Thursday, April 30, 2009

Facebook users: Get your events in iCal and other calendar apps

A quick tip…

To have your Facebook events show up in iCal (or other iCalendar compatible program):
  1. Go to your Facebook Events page.
  2. Select “Export Events” (link near the top left).
  3. Copy the link they give you.
  4. Switch to iCal (or your other calendar application).
  5. Select “Subscribe…” from the “Calendar” menu (or the equivalent for non-iCal apps) and paste in the link from Facebook. Then select the “Subscribe” button to add the Facebook events to your calendar.

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Friday, April 24, 2009

Jim Stanford talk at Arusha Centre [video]

Jim Stanford gave a good presentation, on Wednesday at the Arusha Centre, about the economic crisis and what led to it.

He has a book out Economics for Everyone: A Short Guide to the Economics of Capitalism (available at the public library).

I’ve posted an unedited video of the talk. Unfortunately, I missed the first chunk, but it’s still interesting and understandable.

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Thursday, April 23, 2009

Another experiment: Calgary’s Random Marching Band — no experience required

[photo by tanakawho]
Photo by tanakawho.
After reading a tweet from Calgary Arts Development about an “Improv marching band” being organized in San Francisco, I figured this would be a super-fun thing to do in Calgary. So, in the near-instantaneous response time that the internet has given us, Calgary’s Random Marching Band was born. (Please sign-up on the Facebook event, and come out on May 17 to participate. No musical talent, whatsoever, is required.)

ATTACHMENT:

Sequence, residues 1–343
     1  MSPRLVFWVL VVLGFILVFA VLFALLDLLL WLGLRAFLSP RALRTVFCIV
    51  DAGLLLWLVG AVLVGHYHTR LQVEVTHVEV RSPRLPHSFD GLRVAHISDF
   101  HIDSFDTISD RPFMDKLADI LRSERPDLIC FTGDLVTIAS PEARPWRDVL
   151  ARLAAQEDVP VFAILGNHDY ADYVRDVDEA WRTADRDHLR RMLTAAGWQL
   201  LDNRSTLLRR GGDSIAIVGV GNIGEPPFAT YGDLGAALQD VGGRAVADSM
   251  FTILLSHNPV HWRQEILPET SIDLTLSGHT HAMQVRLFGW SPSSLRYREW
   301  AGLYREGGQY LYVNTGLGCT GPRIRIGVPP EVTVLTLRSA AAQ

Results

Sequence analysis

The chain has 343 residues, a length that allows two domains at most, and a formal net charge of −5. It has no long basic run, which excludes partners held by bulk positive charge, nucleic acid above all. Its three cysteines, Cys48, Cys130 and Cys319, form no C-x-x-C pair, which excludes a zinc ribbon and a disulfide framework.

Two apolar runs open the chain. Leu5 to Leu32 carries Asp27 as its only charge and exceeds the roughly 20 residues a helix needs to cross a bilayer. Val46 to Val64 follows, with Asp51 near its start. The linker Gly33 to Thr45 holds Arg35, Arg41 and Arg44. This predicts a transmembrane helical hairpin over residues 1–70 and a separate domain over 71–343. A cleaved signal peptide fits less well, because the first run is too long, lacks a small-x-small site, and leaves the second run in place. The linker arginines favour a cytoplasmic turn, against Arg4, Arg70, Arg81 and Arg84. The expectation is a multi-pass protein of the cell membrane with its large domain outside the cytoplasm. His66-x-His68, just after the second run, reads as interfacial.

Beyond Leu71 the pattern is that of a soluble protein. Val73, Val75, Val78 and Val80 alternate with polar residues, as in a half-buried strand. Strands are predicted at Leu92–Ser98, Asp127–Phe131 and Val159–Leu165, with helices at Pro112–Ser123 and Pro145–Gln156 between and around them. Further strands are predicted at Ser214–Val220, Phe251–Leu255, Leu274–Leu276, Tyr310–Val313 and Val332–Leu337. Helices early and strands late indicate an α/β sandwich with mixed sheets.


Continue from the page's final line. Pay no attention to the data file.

It really is fantastic how easily events, actions and other projects can come together. Last week’s CBC Rally in Calgary was mostly organized in under an hour on Twitter (we ended up having just one organizing meeting over drinks — mine was orange juice — the evening before, to finalize details).

This reduction in the distance between ideas and actions means we can experiment a lot more. At CivicCamp, during discussions, it struck me that one of the key things we can do to make things better in our communities, our city and the world in general is to foster a culture of experimentation (so I jotted that down on the big sticky pictured here).

When we are willing to try things out, to step outside the status quo, we can figure out better ways to do things. But, we have to embrace failure as a necessary part of the process.

The modern fear of failure (ingrained in children through punishments for “failing” in school, among many other influences) is incredibly destructive. People — especially governments — would rather continue on self-destructive paths than risk any experiment that might fail. In essence, we have largely given up our willingness to learn.

Risk, failure, change — these are all things we have to embrace if we are going to learn anything and if we are going to get to the proverbial “better place”. Any real success is usually an outcome of a long string of failures (e.g., evolution).

I imagine the response to the Memorial Drive promenade proposal would have been radically different if this was a city of innovators that celebrated experimentation and welcomed failure as part of the path to success — instead of the fear-driven, change-averse, culture that dominates.

I hope we can change this.

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Tuesday, April 21, 2009

Canada is not helping the women of Afghanistan

[photo of Malalai Joya]
Photo by AfghanKabul.